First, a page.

What to make of the high credit scores of new renters in some markets: alarm bell or success signal?

RentCafe–one arm of Yardi Matrix, a real estate data and services firm–has a very interesting new data series on the credit scores of successful and unsuccessful apartment seekers in different cities.  Rent Cafe runs a tenant screening service on behalf of landlords, and a key variable that they report to their clients is a household’s credit score (which ranges from a low of 300 to a high of 800).  Rent Cafe’s research has shown a strong correlation between a strong credit score and a high probability of having your rental application approved.  Nationally, if you have a credit score over 750, your chances are 98%, if it’s between 500 and 600, then you have only about an 67% chance of getting the apartment.

In some markets–like Boston, San Francisco and Seattle–successful rental applicants have sterling credit. In these top cities, new renters have credit scores over 700.

To Rent Cafe, the high scores in these cities are a kind of alarm bell. You apparently need really great credit to rent an apartment in these places.

What Credit Score Do You Need to Rent an Apartment? Insanely High, If You’re in Boston or San Francisco

But there’s another possible view: it’s likely that high credit scores signal just how robust the local economies are in these communities, and furthermore, how much households with strong credit are choosing to rent rather than to buy.  Given that most of these communities have very expensive home prices, it may be that many credit-worthy households who might otherwise prefer to buy a home end up renting.  And because Rent Cafe is reporting the average credit score, the average renter in these cities just has better credit.

Conversely, in some other cities, if you have a high credit score, you may find it more affordable to purchase a home rather than renting. This selection effect would explain why renters have much higher average credit scores in high-priced markets than in low-priced markets.

It’s also likely that credit scores are rising because the personal financial situation of the typical renter is getting better.  Rent Cafe notes that the credit score of the typical approved applicant has increased about 12 points in the past three years, from 638 in 2014 to 650 this year. This is consistent with other evidence showing steady income gains in most metro economies. We’ve reported on national data at City Observatory. Oregon economist Josh Lehner has a series showing income gains for the Portland area (which ranks 8th in Rent Cafe’s list of metros with the highest credit scores for renters). Rising incomes are making housing more affordable.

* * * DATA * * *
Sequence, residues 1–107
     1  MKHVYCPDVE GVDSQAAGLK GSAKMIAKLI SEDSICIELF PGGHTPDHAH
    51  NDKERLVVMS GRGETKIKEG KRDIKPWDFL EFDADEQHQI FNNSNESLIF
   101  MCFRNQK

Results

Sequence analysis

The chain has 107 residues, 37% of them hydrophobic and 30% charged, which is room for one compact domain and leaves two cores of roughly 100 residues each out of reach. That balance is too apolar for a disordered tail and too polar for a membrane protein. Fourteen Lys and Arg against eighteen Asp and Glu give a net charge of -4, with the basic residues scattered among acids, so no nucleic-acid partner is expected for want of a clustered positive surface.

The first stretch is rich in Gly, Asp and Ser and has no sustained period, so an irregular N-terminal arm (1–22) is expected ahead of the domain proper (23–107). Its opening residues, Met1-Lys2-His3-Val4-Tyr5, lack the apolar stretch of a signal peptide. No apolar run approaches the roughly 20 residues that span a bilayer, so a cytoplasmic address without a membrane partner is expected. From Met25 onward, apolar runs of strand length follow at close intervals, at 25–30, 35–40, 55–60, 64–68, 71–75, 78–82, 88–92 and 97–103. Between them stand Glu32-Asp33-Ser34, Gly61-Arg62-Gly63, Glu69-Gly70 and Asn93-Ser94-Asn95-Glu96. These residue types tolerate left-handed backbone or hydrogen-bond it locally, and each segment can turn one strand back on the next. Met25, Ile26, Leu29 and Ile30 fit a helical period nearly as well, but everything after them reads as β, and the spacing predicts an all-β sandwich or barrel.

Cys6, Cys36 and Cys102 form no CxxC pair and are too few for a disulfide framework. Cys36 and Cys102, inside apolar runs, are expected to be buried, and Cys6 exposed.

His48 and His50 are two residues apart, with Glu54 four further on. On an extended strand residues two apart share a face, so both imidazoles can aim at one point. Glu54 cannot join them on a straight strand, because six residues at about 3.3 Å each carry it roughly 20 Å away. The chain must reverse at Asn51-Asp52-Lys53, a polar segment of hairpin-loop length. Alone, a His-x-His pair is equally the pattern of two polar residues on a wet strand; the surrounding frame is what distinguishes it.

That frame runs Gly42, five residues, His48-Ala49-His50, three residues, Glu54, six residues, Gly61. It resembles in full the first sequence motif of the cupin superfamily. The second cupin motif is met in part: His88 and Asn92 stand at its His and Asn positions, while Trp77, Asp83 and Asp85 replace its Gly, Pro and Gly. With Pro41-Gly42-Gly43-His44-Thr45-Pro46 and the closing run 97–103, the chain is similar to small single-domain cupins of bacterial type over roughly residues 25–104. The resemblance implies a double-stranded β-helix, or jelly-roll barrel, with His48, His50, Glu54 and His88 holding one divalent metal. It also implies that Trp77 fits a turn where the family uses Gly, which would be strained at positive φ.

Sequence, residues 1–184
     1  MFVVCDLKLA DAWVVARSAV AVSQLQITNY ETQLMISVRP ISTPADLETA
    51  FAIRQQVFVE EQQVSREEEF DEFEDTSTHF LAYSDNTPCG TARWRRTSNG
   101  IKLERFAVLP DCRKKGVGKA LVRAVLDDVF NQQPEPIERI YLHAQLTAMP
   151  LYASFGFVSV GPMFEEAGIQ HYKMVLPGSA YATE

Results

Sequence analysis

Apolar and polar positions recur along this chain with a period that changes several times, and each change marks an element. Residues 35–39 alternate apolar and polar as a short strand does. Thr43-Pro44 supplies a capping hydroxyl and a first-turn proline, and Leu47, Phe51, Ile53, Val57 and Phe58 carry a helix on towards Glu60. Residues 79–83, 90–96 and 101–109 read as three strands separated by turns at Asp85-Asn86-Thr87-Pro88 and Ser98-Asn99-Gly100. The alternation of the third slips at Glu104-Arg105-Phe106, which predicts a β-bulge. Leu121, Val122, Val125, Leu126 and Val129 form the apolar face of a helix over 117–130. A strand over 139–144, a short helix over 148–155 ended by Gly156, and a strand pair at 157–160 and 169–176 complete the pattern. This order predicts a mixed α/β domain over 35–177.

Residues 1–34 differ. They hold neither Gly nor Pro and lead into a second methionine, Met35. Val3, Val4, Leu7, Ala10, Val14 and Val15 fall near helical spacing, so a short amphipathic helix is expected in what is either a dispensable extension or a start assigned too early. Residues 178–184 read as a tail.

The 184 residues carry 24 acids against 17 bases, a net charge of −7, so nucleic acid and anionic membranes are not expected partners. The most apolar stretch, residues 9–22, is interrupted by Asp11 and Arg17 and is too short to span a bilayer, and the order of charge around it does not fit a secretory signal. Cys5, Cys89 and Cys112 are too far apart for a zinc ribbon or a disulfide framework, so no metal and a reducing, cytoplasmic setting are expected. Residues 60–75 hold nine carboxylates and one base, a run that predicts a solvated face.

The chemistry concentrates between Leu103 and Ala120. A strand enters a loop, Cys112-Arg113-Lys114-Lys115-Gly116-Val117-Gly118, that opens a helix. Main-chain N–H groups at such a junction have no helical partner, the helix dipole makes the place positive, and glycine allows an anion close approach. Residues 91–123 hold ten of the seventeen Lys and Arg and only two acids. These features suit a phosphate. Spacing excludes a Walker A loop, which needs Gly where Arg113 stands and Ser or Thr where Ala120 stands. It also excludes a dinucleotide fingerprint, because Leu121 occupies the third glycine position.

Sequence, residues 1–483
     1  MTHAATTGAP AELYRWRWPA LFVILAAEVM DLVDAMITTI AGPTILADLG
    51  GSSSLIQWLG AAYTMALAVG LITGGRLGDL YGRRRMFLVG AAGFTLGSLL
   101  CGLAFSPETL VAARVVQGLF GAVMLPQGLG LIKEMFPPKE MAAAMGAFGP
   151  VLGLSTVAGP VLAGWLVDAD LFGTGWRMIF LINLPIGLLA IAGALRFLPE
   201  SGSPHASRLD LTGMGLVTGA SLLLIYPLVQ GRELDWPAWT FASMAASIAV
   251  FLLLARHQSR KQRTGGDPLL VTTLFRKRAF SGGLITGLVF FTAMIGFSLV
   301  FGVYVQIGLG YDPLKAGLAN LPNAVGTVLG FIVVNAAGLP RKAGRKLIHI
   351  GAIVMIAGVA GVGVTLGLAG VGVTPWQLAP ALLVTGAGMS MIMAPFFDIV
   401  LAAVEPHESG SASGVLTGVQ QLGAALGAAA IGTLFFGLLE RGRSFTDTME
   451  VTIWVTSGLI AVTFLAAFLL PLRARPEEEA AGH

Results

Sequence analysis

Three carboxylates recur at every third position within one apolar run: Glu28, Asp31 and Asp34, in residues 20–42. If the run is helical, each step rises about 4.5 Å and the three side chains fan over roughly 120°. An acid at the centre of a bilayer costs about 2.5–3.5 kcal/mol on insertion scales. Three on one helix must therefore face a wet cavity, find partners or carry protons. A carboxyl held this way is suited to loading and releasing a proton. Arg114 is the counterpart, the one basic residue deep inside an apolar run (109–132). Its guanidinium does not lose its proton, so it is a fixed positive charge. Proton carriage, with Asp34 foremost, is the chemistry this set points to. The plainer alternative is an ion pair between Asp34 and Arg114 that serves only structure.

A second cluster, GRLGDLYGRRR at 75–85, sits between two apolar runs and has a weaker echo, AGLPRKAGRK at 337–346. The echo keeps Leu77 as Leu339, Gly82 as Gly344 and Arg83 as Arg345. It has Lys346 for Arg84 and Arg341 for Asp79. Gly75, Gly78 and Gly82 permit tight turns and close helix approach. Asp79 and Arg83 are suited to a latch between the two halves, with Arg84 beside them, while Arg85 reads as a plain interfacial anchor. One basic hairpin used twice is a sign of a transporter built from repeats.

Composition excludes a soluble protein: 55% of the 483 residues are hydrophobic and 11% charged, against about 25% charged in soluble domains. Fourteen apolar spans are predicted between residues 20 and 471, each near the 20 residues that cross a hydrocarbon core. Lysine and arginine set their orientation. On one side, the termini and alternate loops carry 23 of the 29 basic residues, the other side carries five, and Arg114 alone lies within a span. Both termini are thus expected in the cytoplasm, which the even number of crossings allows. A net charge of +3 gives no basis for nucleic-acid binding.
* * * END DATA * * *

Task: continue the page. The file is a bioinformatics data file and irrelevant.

Clearly, the rental market is very competitive in places like Boston and San Francisco, meaning landlords can pick and choose among tenants with a strong financial background; but the very strong credit scores of successful rental applicants in these cities  is as much an indication of strong local economies  (and prosperous tenants) as it is of the choosiness of local landlords. In the long run, the growing average creditworthiness of tenants may reflect the limited opportunities for homeownership in these increasingly expensive markets, where households with sterling credit who would be buyers almost anywhere else, find themselves renting instead. A new report issued by the Philadelphia Federal Reserve Bank shows a continued decline in the number of first-time home buyers nationally, a trend consistent with rising average credit scores among renters.

You’l want to take a look at the full report. The RentCafe report has detailed information on average credit scores of successful and unsuccessful apartment seekers in 100 of the nation’s largest cities. As we’ve noted, the data are drawn from RentCafe’s own client work, and so may be influenced by how complete and representative a sample of properties it covers in each market.